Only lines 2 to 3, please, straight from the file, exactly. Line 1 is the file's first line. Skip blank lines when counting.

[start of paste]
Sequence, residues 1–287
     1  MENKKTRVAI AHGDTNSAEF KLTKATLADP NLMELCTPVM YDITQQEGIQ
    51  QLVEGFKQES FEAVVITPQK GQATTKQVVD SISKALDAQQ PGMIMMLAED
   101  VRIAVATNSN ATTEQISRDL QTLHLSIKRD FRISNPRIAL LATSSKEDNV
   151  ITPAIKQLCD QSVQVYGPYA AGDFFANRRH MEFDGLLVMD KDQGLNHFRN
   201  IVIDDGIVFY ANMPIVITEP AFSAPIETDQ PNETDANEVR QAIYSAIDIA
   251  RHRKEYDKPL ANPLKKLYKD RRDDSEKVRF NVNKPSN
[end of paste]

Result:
     1  MENKKTRVAI AHGDTNSAEF KLTKATLADP NLMELCTPVM YDITQQEGIQ
    51  QLVEGFKQES FEAVVITPQK GQATTKQVVD SISKALDAQQ PGMIMMLAED